History falsely declared to be dead

thus returns. The fratricidal struggle, fed by hostile narratives, which once divided the peoples of Europe in centuries-long battles, has only been shifted to a higher plane. Tribal claims and identities remain, but not in the harmless form of patriotism, i.e. love for one’s homeland and a shared history, but as ideological delusions of uniqueness of Europeans, Yankees, Chinese etc. These delusions tend to be much cruder and primitive, because they consist less in the loving reminiscence of one’s own past (so far as it deserves such treatment) than in the denunciation of rivals. The race of nations currently taking place between the great powers of the US, China, Russia and Europe is laden with populist denunciation – in view of the unending progress of weapons this constitutes an imminent danger.

The problem is further aggravated by the fact

that it is of no use if only one part of the world, say Germany, pulls the emergency brake. Germany is only responsible for a minimal two percent of total CO2 emissions. Of course, it could boast of being a role model if it also reduced the remaining two to a mere zero percent. But what is the point if others don’t follow suit, but end up just being happy that the Germans are no longer a rival because they are abandoning their previous industrial power and sinking into a state of poverty? Therein lies the real challenge of the 21st century, which can only be overcome if humanity submits to a common authority that imposes the same sacrifice on everyone at the same time – in the most favorable but rather unlikely case, this would be the UN. Then – but only then – the consciousness of the equality of mankind could bring about that eternal peace, which Immanuel Kant had conjured up more than two hundred years ago.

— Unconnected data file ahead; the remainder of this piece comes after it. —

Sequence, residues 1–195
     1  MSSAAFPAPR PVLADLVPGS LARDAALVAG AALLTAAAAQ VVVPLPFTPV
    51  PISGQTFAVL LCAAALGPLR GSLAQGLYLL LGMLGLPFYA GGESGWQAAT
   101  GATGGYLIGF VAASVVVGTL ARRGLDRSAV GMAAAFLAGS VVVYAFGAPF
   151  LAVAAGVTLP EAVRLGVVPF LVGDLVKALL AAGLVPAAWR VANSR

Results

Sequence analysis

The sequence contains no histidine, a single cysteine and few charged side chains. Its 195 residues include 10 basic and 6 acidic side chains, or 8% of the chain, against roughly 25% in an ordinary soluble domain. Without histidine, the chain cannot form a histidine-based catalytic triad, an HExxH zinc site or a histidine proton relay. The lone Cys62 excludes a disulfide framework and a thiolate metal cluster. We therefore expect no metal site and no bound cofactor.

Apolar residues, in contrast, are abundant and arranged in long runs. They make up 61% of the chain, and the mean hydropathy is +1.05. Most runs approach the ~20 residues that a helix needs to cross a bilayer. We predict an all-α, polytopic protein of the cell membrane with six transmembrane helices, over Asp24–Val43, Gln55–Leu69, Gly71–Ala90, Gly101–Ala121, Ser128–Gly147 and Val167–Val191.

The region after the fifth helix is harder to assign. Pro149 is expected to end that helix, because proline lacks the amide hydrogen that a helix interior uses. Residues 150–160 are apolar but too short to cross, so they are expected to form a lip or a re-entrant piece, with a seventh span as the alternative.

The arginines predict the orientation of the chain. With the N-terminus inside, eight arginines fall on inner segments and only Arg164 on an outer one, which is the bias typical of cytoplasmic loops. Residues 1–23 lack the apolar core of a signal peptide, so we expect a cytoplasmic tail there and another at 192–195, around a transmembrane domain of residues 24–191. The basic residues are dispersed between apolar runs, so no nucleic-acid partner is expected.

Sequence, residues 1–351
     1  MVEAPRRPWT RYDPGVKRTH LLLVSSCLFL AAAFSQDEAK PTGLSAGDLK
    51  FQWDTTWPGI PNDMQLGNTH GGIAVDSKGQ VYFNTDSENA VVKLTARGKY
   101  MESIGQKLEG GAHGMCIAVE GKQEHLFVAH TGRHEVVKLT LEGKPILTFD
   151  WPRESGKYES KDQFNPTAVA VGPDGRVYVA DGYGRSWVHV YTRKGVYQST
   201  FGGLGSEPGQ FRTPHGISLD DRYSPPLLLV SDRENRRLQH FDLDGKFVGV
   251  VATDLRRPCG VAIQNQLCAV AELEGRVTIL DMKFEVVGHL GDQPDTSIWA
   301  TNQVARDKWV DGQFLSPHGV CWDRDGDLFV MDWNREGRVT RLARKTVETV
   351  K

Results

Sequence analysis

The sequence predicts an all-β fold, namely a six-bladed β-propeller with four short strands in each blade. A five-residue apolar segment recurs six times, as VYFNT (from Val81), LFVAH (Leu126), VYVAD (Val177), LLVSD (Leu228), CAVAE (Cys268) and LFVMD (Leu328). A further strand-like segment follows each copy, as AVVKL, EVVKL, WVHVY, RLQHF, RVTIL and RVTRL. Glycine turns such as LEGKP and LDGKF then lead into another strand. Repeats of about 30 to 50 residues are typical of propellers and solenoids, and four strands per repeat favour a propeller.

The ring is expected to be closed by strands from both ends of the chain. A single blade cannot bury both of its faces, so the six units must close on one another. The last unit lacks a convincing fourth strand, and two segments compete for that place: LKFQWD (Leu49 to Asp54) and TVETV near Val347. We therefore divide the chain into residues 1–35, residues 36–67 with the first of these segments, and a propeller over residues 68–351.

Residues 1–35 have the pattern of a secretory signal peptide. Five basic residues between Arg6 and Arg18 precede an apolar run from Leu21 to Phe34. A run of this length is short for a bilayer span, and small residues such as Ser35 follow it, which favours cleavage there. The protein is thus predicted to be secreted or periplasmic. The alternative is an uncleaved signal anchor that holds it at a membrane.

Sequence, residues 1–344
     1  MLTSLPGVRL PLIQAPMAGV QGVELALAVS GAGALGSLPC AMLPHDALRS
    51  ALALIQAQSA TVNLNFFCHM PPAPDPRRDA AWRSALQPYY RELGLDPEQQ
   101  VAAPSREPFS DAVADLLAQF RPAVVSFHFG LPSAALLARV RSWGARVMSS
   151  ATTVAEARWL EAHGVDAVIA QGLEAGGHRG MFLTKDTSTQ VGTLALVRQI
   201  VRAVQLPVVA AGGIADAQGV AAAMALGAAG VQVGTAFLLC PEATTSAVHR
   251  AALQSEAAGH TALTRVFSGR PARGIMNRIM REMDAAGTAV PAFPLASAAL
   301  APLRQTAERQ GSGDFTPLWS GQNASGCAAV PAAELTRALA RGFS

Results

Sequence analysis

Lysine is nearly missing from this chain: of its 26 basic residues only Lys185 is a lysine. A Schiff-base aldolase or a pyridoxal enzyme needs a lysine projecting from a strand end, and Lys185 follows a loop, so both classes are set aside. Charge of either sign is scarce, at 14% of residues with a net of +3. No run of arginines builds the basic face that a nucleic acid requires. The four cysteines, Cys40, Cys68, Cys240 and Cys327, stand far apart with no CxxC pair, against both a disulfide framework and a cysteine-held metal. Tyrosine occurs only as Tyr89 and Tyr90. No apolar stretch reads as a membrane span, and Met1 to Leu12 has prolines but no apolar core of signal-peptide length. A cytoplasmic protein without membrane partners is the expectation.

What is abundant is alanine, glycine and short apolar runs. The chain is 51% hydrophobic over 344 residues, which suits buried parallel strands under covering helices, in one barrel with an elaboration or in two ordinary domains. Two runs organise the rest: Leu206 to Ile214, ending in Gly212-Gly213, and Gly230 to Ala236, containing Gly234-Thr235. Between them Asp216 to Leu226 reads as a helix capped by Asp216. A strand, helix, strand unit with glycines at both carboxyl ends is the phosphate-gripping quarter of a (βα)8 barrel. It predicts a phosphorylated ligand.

*1* An impressive testimony to this idealism is provided by the Indian-born author Parag Khanna with his book: “The Age of Migration”. On almost five hundred pages, the author deals with God and the world from A to Z. Khanna seems to take climate crisis for granted – even in its most catastrophic form with an increase in average temperatures of up to four degrees. This serves him well because he preaches the gospel of unrestricted migration which, according to him, will provide for mankind’s ultimate salvation. Here, fraternization is not a politically thought-out program, but is administered to the reader like a drug.

*2* In its latest issue, “Der Spiegel” calls for optimism in the title essay (Spg 14.21: “Hope dies last”). But like any other citizen, the Spiegel author too must rely on what leading experts say. And these – starting from Herman Daly, the intellectual guide of the ecological movement, up to William Rees, the inventor of the ecological footprint – say something completely different.